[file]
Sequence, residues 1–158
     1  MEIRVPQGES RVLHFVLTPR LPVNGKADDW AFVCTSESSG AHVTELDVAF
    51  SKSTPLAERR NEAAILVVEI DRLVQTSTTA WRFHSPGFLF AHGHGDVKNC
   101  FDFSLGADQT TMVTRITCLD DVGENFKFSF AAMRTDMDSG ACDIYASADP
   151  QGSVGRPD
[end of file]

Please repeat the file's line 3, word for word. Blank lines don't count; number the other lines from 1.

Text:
    51  SKSTPLAERR NEAAILVVEI DRLVQTSTTA WRFHSPGFLF AHGHGDVKNC